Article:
Some idiotic legislators in Okalahoma are considering legislation that would declare English the “official language” of the state. Justifiably, the original residents are upset:
As Oklahoma observes its centennial year, the English-only issue points up divisions that persist more than a century after Indians were forcibly marched to the region and then endured a series of land grabs.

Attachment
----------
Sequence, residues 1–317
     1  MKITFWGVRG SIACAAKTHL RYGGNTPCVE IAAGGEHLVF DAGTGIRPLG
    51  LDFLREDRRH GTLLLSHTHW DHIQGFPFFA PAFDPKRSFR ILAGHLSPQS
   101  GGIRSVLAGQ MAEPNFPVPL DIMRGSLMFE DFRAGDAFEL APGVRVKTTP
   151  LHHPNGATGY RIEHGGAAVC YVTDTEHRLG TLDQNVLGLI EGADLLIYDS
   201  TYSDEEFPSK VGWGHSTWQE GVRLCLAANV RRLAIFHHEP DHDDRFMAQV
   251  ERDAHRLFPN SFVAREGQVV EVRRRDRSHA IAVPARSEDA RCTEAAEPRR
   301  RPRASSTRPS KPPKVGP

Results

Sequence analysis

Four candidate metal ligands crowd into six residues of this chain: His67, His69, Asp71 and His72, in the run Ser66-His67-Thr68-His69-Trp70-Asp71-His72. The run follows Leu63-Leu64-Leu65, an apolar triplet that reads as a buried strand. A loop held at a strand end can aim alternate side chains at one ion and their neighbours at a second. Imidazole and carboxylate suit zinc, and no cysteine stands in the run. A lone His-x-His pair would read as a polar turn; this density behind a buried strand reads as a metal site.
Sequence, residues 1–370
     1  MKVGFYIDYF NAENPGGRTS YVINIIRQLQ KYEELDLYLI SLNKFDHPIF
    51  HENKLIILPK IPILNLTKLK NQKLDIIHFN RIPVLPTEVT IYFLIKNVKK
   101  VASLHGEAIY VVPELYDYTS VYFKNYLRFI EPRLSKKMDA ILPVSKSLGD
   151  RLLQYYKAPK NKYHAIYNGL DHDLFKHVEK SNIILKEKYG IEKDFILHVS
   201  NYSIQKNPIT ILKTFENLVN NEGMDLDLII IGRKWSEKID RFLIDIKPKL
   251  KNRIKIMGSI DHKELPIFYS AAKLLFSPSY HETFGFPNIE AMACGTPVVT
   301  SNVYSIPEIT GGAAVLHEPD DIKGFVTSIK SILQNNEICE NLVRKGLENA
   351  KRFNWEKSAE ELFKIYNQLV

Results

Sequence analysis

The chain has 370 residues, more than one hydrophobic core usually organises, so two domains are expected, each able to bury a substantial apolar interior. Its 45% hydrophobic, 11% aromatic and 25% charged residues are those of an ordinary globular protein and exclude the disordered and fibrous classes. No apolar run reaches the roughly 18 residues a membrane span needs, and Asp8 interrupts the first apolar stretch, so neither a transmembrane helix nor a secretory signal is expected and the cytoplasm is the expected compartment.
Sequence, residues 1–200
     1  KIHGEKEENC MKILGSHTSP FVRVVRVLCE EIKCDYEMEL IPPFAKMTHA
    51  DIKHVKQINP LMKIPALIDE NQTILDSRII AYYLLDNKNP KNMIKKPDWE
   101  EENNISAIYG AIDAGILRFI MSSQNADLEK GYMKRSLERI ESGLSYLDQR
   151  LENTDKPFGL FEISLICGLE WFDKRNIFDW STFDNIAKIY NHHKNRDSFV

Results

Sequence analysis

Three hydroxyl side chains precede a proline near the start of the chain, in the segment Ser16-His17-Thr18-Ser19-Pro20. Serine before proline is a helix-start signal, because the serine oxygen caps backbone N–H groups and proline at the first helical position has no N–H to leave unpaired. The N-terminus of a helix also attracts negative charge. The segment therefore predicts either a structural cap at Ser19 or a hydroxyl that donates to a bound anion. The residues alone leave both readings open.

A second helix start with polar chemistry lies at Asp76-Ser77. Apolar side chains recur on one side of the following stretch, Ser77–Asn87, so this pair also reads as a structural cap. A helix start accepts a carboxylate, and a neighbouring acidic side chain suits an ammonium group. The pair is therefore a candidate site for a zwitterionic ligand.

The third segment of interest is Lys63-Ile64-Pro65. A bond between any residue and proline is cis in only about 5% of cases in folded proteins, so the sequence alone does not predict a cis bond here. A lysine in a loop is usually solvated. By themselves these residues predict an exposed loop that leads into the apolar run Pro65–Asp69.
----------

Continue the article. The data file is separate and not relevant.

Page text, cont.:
Many of Oklahoma’s 37 federally recognized tribes are fighting to save their languages and cultures from extinction years after the end of organized efforts to stamp them out.
Critics of the English-only Legislation point out that Oklahoma’s very name is formed from two Choctaw Indian words — “okla” and “homma” — that mean “red man.”
“If you go to English only, what are we going to call the state of Oklahoma?” said Terry Ragan, director of the Choctaw Nation’s language program. “Even town names in the state will have to be named differently.”